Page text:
Oh well – at’s all I got. Fun story, excellent art — probably worth the 3-4 minutes it’d take ya to read it! Probably not worth the 4-5 minutes you just spent reading this. Then again, ain’t nothin’ gonna make that worthwhile!

One thought on “X-Men Vignettes, Chapter Eighteen (1988)

  • This felt like an inventory story. Claremont always seems to be trying to slip little things in that anyone who has read the original Uncanny X-Men issues would be able to pick up on. This has none of that. It’s just a cute, fun story that takes place at a time soon after Jean became Phoenix. Not a strong outing for the first non-Claremont vignette.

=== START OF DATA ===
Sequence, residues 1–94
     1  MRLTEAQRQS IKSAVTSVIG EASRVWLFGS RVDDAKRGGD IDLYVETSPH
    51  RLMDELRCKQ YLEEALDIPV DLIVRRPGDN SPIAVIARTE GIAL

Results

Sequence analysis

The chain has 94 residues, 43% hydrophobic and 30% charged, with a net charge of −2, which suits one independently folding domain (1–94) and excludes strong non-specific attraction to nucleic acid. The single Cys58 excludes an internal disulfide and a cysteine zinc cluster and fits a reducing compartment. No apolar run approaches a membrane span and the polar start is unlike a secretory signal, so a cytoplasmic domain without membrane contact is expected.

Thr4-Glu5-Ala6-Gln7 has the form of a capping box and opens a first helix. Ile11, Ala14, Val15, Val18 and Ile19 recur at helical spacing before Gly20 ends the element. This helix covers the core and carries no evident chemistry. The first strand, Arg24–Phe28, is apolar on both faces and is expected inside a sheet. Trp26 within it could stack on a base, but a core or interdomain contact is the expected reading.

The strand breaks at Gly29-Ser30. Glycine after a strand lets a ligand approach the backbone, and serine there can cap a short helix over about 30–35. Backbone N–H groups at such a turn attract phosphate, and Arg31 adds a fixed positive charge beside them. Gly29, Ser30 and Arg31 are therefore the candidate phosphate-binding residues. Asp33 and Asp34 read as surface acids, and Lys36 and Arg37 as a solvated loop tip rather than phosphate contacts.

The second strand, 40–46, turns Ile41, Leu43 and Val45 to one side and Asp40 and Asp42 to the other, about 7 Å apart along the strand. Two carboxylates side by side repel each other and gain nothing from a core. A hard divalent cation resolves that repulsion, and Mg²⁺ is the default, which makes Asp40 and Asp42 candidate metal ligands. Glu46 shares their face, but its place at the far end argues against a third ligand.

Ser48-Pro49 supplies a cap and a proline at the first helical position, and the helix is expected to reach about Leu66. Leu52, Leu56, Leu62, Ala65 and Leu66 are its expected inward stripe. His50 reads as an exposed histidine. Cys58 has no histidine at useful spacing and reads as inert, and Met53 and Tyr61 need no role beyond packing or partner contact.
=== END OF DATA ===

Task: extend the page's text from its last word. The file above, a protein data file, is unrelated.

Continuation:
I hope that we will get to see issue 19’s vignette tomorrow, even if you have to use a digital copy to to it. Remember, you made up the rules for how you do things here. You can change those rules anytime you like. This used to be a DC only blog and now you are covering Marvel X-Men pretty much exclusively. It used to be a written blog until you changed it to a daily podcast. You make the rules and you can break those rules.

    Either way I’ll be back tomorrow to see what happened. Thanks.